Sue Kiesewetter reports:
Tuesday marked a new beginning for 7-year-old Yosselin Villatoro and her family.
That’s because Yosselin, her 6-year-old brother, Freddy, and grandparents, Tammy and Keith Randall, moved into a new house built for the family by volunteers.
Before they could move in, they were greeted Tuesday evening by 30 to 40 community members, who wanted to reveal the home they built for the family.
“It was unreal. Totally unreal,” Tammy Randall said. “You always hear about all the bad. This is a good thing. People came together for strangers, for a cause, for a 7-year-old child battling cancer, and it is just wonderful.”
No longer will they worry that mold or walls separating from the floor in their old, flood-damaged home would compromise Yosselin’s delicate immune system damaged by months of chemotherapy.
There are no uneven floors or too-narrow hallways to hamper her movement with her walker or wheelchair as she gradually builds up her strength to walk unaided.
“It’s wonderful,” said her grandmother, who has custody of Yosselin and Freddy. “I thank God. He gave me all the answers and these wonderful people that have helped us.”
The family’s life changed dramatically nearly one year ago when doctors told the Randalls that Yosselin had osteosarcoma, an aggressive bone cancer that started in the femur of her left leg and spread to her lungs.
Since that December 2011 diagnosis just before Christmas, Yosselin has undergone four surgeries – including one to remove eight inches of her femur, replacing it with an expandable metal rod – to remove the cancer.
She has been hospitalized dozens of times for chemotherapy treatments, infections and transfusions.
Through it all, a group of dedicated volunteers joined the family on their journey, expanding the circle of help as needed.
“And all these strangers came together and created all of this for a 7-year-old little girl,” Tammy Randall said. “Who does that anymore? It needs to be out there, it really does.”
It all began with a phone call offering help and support from Kristan Dooley, the mother of one of Yosselin’s classmates at Cherokee Elementary School who was concerned about Yosselin after she had missed several days.
“It started out that we’ll pray for you, get meals and buy gas cards,’’ said volunteer Angie Roehm. “We started by redoing Yosselin’s room – a few families, our parents and close friends.”
From there, the group thought about redoing three or four parts of the house but soon discovered that wouldn’t be an option because of the extent of the damage.
Money the Randalls had put aside for the repair work – which had begun before Yosselin’s diagnosis – was diverted to mounting medical bills. Repairs were halted – until the volunteers stepped in.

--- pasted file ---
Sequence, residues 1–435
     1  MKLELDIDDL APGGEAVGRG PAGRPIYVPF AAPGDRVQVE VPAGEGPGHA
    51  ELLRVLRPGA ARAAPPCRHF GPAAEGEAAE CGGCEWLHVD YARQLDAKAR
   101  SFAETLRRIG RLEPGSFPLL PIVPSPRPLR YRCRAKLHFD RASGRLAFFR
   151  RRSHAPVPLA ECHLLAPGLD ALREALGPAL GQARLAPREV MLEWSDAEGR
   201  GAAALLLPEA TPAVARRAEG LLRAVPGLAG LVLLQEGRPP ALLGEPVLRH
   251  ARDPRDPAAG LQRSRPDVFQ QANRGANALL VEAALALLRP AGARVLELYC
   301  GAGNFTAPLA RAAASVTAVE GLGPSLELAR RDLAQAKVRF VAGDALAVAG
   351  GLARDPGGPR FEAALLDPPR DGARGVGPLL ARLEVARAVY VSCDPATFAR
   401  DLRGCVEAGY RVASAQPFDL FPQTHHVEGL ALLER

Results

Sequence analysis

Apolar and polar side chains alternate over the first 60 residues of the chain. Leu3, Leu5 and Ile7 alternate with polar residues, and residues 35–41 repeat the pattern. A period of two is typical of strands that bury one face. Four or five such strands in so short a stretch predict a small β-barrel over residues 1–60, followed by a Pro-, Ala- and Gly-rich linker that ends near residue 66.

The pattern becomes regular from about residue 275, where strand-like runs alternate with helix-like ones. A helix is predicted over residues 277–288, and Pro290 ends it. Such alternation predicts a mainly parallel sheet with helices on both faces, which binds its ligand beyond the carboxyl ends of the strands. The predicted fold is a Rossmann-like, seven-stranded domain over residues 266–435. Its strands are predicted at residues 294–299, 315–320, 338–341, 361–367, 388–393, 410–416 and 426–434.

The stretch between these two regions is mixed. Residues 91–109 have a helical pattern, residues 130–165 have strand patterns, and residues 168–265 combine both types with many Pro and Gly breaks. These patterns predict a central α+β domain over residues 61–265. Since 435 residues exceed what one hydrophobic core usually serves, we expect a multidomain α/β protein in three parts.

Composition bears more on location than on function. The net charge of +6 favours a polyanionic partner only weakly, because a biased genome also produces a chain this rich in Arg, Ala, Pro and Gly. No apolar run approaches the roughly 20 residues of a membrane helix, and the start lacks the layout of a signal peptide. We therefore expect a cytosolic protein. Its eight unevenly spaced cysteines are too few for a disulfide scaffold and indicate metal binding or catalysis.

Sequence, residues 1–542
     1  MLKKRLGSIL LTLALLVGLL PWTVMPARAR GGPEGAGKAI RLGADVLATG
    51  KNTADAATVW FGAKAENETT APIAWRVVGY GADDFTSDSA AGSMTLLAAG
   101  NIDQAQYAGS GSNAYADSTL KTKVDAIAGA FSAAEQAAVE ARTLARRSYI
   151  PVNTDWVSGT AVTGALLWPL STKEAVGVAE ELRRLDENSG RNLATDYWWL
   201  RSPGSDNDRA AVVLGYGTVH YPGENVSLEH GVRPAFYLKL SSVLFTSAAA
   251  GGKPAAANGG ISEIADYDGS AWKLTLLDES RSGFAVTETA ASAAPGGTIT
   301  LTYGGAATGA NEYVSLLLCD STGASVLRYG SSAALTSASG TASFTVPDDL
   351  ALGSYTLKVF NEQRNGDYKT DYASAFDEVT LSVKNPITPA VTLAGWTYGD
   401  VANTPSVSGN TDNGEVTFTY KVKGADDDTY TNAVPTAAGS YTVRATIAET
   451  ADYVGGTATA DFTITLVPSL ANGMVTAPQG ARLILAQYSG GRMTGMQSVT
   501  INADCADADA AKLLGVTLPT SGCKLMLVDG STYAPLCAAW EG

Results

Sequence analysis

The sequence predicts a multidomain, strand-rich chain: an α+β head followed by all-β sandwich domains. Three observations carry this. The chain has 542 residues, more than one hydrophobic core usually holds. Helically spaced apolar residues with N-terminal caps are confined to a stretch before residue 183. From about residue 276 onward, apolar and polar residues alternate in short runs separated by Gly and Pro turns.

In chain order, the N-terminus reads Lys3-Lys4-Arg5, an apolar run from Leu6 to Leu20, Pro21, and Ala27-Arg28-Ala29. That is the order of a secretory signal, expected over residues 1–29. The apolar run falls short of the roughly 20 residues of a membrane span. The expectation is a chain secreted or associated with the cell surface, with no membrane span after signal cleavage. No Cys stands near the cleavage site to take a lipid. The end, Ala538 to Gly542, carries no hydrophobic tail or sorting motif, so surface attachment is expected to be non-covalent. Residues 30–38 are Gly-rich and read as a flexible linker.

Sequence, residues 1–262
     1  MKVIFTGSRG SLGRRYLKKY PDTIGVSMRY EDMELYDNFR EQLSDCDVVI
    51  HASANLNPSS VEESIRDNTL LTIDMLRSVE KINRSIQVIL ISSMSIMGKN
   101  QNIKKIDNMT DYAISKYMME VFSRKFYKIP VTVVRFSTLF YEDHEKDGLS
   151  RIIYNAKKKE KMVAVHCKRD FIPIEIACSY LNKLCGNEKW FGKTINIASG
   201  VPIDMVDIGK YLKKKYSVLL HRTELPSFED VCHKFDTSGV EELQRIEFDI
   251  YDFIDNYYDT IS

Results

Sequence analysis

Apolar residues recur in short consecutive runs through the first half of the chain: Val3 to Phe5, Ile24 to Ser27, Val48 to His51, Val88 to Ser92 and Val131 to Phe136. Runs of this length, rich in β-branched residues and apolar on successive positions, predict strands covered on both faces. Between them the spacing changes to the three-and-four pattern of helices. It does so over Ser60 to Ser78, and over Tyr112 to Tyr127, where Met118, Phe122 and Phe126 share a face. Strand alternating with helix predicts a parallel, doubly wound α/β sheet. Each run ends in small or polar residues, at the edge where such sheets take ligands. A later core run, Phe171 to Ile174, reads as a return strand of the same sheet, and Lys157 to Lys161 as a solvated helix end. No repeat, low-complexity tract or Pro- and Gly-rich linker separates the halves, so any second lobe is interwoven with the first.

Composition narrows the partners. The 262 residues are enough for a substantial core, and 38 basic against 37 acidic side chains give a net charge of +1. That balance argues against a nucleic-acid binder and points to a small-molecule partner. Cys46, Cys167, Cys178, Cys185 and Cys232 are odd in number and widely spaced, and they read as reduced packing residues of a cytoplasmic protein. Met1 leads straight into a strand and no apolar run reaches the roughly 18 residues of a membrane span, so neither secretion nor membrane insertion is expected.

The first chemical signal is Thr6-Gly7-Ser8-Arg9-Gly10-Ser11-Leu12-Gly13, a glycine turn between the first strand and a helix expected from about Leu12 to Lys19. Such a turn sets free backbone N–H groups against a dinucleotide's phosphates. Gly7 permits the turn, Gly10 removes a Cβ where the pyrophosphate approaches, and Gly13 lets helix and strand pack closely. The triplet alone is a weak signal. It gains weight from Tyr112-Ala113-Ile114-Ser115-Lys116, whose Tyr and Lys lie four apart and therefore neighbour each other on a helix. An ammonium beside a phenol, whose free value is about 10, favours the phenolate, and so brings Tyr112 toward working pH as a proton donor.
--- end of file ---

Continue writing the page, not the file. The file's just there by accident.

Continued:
“At every step that we took toward what we felt was the right thing to do – what we felt God was calling us to do – our circle of volunteers from the community grew,” Roehm said.
“We started out with doing a few core things to make the house more livable, but we knew we needed to do more.”
Eventually that core group of about 10 partnered with A New Chance Foundation and Lebanon-based High Pointe Custom Homes to tear down the old house and construct the new, 2,100-square-foot brick and stone ranch home .
Dooley estimates 300 to 400 volunteers helped build the home.
“I woke up today at 3 o’clock this morning and I felt like it was Christmas,” Dooley said. “This is the moment we have been waiting for – for the past 10 months. The realization that this is all happening and all these pieces are being put together just gives me butterflies.”
Once construction began, the family wasn’t allowed in the house – until it was unveiled.
Besides building the house, the group provided new appliances, filled the cabinets with plates, cups and silverware. They put new towels in the bathrooms, sheets and comforters on new beds, a couch in the great room, along with table and chairs in the kitchen and canisters on the counter.
Things are so much better now, Tammy says, pointing to Yosselin, who can stand unaided on both legs for short periods of time. That’s something she couldn’t do just two months ago.
“She’s touched a lot of lives,” Randall said, her eyes tearing up. “She’s brought everyone together.”
Yosselin’s immune system is improving and a slight rise in her temperature no longer sends the family to the emergency room. She is now receiving therapy twice a week to strengthen her leg muscles. She is allowed to put 50 percent weight on her leg and put both feet on the ground for short periods.
Yosselin received her last chemotherapy treatment Sept. 6 and only has to schedule appointments with her oncologist quarterly.
“Looking at her today – it was worth it,’’ Randall said. “Thank you, God, for everything.”
After next month’s doctor visit, the Randalls expect to hear four magic words: Yosselin is in remission.
Until then, she continues her therapy. She is coping with some memory loss from the chemotherapy treatments and her family is working to reduce Yosselin’s panic attacks.
After Christmas, she should be able to start second grade at Cherokee.
“We still have to be careful, but things are good,” Randall says. “We’re not done yet, but we’re in a better place.”
Enquirer reporter Adam Kiefaber contributed